Tuesday, June 29, 2010

Italian Heavy Pig Production

Future Parma Ham - image from pigprogress.com

I found an article about producers of heavy pigs in Italy.

"Heavy pig" is an Italian concept[1]. Basically, the pigs have to meet certain weight and fat-quality requirements, as explained in this document. Having heavy pig standards allows Italian meat processors to reliably acquire large amounts of raw material suitable for making high-quality cured pork products at low prices.

We don't have such standards in the USA, so meat processors and chefs have a tough time lining up supplies of high-quality raw material. Of course, some like Johnston County Hams and Knight Salumi, manage to do it by working with a quality-oriented producer like Wooly Pigs.

The Italian (and the Spanish, German, Austrian, Hungarian, etc.) understanding is that the quality of the raw material is primarily a function of the breed, feed and age at slaughter.

Compared to the Spanish or Hungarians who raise some lard-type pigs, the Italians raise leaner pigs (more like American producers), which don't taste as good. In fact, Italian regulations would forbid them using foreign lard-type genetics that would improve their quality:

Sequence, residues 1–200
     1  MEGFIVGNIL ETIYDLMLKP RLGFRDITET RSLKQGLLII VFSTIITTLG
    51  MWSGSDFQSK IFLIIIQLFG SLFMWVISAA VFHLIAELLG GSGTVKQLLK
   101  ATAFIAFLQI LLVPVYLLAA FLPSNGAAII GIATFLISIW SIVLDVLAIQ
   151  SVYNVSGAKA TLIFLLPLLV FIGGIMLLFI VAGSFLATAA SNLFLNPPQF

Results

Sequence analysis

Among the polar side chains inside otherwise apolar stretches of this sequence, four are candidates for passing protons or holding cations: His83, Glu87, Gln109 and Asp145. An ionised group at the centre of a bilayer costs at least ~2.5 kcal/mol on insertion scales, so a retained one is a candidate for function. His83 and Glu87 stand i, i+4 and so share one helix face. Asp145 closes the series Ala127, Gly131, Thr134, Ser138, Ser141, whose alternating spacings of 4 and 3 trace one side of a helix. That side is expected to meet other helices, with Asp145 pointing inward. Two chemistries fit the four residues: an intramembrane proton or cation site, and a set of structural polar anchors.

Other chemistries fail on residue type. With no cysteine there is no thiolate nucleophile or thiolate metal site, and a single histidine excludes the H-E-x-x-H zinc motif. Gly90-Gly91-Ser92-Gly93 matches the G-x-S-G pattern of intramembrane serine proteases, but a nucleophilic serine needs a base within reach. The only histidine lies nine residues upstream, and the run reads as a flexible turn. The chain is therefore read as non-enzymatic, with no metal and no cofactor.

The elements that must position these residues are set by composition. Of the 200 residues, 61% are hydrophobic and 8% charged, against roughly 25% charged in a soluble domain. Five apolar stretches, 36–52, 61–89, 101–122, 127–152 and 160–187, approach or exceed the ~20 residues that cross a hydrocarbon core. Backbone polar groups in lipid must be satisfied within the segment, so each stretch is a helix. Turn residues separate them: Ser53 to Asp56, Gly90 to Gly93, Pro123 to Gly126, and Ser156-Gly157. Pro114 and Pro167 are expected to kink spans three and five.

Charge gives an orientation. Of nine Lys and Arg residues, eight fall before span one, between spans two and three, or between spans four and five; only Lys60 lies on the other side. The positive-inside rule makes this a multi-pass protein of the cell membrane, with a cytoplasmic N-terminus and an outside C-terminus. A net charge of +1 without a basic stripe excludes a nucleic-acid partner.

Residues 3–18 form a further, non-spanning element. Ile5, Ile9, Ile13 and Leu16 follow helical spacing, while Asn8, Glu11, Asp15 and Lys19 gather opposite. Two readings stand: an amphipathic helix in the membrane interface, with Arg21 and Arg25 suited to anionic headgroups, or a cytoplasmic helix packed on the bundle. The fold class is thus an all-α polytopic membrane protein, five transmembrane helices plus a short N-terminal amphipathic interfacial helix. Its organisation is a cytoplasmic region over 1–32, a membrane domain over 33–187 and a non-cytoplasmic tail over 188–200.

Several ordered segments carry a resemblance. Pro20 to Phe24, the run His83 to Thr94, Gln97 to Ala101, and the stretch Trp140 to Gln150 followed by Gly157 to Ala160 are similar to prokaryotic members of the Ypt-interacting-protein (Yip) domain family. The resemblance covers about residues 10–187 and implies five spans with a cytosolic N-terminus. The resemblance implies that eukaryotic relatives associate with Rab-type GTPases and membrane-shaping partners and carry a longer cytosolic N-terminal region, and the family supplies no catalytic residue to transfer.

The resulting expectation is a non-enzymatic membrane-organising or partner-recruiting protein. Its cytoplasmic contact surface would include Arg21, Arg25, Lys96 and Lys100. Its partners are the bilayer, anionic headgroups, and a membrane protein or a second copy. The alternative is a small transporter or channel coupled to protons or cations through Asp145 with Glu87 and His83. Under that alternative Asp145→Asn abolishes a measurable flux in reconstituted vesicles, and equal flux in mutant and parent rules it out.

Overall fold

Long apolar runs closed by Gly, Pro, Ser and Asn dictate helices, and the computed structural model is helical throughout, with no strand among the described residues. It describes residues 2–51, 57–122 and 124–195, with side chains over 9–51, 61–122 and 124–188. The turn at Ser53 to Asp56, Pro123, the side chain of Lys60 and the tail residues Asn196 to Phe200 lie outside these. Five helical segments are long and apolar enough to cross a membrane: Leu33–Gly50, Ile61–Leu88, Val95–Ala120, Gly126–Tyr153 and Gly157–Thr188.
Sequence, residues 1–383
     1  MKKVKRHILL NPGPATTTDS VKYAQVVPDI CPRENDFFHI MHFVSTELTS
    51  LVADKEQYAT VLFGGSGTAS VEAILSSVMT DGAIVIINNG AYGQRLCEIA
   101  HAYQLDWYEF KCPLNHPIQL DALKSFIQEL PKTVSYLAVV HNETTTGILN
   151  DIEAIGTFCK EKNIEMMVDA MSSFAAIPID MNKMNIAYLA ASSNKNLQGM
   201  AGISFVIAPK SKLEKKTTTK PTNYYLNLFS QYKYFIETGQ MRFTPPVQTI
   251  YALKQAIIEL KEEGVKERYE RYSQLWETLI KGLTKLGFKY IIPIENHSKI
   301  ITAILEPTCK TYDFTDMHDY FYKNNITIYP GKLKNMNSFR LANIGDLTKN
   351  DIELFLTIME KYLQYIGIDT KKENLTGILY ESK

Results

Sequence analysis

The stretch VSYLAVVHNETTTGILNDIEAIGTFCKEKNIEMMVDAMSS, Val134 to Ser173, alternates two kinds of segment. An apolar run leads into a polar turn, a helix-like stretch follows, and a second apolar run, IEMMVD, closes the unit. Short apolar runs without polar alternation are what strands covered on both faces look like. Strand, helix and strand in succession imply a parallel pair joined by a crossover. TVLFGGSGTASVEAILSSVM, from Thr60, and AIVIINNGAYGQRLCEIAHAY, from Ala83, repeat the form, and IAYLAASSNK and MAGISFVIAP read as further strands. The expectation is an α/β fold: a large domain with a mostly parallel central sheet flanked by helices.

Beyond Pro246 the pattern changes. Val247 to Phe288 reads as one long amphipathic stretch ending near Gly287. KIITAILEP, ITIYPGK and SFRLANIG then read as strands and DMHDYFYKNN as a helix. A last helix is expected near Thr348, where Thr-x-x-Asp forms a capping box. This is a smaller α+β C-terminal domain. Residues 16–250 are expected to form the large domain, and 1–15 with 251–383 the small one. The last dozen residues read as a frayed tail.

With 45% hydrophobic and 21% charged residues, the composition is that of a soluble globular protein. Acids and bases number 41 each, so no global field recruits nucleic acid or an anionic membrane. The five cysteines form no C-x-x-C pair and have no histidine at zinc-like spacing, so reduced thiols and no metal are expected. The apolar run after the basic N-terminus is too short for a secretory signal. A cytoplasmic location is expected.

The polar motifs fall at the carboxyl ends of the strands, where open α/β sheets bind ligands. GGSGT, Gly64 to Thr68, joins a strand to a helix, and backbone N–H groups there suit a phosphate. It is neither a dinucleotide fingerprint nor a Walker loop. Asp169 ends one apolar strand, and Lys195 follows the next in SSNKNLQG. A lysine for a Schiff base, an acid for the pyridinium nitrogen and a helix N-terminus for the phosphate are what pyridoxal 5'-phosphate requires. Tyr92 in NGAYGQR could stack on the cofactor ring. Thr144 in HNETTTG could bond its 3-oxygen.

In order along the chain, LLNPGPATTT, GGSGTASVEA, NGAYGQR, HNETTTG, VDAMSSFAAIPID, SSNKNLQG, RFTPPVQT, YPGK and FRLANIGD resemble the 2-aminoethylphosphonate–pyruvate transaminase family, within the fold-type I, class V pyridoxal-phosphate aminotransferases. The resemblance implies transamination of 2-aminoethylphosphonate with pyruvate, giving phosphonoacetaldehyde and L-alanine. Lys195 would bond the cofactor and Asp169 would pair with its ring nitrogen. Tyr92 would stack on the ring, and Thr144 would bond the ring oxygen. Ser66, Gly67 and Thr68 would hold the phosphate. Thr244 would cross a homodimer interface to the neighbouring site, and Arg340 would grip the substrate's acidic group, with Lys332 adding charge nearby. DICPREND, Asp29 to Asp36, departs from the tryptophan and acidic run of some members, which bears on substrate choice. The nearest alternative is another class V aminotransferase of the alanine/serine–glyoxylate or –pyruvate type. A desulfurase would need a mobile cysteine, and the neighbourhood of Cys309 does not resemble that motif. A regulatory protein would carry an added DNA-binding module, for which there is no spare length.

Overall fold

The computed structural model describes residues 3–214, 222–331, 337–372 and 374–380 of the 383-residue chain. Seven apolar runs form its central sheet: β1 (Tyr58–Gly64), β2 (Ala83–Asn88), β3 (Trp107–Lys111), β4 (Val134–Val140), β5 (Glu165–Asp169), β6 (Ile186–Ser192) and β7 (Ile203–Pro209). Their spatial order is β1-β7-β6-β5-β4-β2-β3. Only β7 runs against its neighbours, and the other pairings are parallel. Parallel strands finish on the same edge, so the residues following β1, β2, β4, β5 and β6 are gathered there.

Breeding at Suingrass Apart from meat quality, there is one more essential element in pig breeding for Parma ham production. All animals have to be from Italian descent[2], and bred and grown in Italy.

Although they raise fairly lean pigs, to their credit, the Italians do feed the pigs right, and they raise them older than American pigs, resulting in products that taste better in a side-by-side comparison.

As the photos I've copied from pigprogress.com show, the Italians aren't raising pigs "naturally". They are using very modern methods to produce the most high-quality pork they can, just as the Spanish and Hungarian producers do.

This is one reason why you don't see many photos of Italian pigs; most people don't look at Italian pigs and think, I really want to eat a parma ham.[3] Just think about it: we hear so much about Italian cured products, but how often do you see pictures of Italian pigs (compared to say, Iberico pigs)? The reason is simple: most Italian pigs are raised intensively, and have been for a very long time. Yet it isn't pretty, so we don't see photos of it.